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hair transplant Doctor Pros and Cons list

Discussion in 'Hair Transplants for Women' started by AsianFemale37, Oct 17, 2007.

  1. Hi fellow hair transplant fans,

    On most other hairloss forums (devoted to men :x ) have extensive and very detailed reviews of doctors around the world. I think it may be worthwhile for us to have something like that, just for the sake of having some information for people who may be thinking of going in for an hair transplant. I urge you to give as much detail as possible so that certain doctors stand out for us and certain doctors are clearly marked to be avoided.

    My Story:
    1. I did over a year of research and read several medical articles on hair transplant procedures on women. I looked up the writers of the articles, and one name came up often: Dr. Jeffrey Epstein in Miami, FL.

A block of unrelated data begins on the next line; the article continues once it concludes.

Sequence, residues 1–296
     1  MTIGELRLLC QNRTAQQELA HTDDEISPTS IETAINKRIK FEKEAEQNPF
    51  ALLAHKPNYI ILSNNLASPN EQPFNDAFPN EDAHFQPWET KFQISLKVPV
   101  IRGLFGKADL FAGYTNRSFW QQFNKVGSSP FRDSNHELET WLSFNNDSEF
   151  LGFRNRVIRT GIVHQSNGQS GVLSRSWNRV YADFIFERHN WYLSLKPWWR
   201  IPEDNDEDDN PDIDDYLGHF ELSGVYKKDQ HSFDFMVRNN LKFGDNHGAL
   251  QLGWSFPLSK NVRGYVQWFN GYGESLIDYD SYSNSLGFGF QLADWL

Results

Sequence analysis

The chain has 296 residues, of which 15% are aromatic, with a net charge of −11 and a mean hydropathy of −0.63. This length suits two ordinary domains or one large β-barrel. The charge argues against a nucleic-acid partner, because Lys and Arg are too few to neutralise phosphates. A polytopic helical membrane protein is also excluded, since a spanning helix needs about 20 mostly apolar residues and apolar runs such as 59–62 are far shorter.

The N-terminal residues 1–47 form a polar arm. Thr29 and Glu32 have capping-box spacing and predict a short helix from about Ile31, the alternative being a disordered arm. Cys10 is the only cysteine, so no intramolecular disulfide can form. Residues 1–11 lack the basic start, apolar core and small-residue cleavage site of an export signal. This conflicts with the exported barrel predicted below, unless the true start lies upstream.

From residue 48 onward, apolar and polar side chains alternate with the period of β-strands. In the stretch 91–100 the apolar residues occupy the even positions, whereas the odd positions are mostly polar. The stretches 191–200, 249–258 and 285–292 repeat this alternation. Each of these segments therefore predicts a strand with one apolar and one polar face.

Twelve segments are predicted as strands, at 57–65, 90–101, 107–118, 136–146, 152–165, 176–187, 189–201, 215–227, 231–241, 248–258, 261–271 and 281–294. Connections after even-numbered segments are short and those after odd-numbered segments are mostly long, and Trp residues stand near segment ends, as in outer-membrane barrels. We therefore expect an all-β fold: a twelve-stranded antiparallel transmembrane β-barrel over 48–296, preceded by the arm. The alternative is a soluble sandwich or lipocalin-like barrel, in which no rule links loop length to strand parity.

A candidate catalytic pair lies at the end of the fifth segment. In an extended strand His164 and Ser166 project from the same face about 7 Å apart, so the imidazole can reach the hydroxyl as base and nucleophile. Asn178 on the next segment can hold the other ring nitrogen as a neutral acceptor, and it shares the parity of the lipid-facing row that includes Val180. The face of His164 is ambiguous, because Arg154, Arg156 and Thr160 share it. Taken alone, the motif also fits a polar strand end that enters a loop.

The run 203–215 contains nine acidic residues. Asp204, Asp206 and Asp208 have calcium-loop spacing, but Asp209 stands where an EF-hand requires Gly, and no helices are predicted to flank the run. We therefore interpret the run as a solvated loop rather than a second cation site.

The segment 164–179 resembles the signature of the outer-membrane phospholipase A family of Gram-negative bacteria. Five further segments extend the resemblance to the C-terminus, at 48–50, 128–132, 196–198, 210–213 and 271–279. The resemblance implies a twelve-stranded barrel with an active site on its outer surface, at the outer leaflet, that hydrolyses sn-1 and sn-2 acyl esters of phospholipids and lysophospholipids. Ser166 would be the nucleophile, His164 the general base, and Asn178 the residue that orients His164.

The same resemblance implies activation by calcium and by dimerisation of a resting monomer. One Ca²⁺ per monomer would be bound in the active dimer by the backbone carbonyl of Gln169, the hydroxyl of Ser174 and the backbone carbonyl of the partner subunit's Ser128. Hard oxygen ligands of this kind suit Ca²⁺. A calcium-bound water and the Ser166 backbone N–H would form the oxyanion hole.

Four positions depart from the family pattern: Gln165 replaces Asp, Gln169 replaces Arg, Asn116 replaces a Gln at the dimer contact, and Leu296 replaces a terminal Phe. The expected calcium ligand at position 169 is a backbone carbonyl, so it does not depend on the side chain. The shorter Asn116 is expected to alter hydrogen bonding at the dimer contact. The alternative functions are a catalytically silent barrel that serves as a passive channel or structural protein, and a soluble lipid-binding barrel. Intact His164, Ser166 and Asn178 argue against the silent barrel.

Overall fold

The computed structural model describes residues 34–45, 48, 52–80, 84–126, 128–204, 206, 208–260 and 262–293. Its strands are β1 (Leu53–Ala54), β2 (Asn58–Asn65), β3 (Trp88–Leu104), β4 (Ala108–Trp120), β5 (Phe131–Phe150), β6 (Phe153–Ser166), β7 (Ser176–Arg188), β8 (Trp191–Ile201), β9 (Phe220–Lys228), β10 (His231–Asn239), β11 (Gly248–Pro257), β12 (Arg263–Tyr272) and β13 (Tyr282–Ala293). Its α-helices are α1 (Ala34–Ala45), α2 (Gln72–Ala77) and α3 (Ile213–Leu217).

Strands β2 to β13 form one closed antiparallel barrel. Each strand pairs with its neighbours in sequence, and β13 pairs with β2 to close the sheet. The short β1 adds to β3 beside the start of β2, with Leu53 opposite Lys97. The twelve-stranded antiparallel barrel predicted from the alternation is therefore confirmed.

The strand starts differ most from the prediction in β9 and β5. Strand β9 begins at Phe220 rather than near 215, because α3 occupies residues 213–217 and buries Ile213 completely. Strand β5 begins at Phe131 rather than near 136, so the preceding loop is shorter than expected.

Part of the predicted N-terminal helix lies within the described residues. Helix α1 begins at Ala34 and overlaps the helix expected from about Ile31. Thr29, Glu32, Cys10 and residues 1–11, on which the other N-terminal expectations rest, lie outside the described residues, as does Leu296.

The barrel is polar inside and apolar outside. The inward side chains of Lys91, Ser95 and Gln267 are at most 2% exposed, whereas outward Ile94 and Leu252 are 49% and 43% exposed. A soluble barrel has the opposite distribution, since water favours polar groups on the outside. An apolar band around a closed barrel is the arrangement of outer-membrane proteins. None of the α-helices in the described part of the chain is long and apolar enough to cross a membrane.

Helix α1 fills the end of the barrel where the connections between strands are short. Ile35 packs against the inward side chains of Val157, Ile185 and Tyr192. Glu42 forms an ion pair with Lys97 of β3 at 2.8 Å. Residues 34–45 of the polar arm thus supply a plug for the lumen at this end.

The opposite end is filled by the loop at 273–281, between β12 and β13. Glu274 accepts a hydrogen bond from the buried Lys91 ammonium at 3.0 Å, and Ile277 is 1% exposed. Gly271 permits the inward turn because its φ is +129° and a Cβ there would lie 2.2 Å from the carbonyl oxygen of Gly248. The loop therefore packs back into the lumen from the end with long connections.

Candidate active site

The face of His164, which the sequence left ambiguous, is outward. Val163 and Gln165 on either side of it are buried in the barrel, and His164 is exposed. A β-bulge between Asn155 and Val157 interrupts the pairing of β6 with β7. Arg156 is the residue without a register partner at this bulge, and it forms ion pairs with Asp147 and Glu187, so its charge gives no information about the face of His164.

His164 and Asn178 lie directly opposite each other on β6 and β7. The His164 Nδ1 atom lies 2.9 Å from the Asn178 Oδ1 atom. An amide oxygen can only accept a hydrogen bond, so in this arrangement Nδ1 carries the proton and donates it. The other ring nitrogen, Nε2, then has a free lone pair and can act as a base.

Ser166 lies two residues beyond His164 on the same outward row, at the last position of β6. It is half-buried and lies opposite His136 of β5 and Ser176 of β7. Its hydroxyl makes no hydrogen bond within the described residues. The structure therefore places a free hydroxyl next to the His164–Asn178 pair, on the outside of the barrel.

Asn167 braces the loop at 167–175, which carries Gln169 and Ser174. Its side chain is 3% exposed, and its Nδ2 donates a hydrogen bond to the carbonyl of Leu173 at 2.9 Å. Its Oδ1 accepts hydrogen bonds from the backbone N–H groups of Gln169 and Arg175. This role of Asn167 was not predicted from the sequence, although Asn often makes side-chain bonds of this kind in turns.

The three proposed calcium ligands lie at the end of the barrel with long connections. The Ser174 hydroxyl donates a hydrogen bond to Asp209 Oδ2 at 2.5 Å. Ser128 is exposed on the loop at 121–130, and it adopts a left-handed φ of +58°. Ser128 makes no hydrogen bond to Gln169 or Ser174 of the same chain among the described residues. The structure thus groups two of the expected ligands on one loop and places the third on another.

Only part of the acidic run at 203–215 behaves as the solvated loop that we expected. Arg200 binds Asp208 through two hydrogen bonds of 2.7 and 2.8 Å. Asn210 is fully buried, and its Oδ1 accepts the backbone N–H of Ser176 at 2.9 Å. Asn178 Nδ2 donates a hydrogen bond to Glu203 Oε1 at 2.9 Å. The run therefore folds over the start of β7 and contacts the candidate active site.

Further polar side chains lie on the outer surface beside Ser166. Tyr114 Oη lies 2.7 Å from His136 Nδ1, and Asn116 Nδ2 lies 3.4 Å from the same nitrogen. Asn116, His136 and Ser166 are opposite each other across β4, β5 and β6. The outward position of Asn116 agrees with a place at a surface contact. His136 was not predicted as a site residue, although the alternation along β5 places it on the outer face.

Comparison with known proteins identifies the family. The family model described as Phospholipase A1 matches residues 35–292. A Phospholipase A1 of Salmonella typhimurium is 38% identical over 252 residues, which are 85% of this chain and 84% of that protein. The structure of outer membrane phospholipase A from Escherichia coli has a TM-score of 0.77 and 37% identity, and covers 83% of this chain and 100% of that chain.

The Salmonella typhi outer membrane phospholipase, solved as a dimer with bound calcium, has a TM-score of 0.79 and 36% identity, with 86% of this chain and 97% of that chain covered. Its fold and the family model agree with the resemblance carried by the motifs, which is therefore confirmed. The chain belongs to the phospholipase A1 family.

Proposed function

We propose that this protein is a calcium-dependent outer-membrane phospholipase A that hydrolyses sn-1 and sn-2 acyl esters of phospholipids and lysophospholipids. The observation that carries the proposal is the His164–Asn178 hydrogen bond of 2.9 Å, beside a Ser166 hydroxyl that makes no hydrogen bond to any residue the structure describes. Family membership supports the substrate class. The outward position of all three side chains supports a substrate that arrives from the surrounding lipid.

2. I started a one year pretty intense email communication with him, and he was open to communicating via email. He presents himself as one of the very few doctors who are qualified to do hair transplant on women. Apparently it is because of a special technique he is created for the slits he cuts into the scalp, allowing for the grafts to implant. CAVEAT: I don't know if what he purports is true, but I, personally, felt that that sounded good enough.

    3. His prices are steep, but I liked that a) he gave me a discount, and gave me a set price for 1200 grafts--based on photos I sent him via email of my donor area and the areas where I needed the grafts.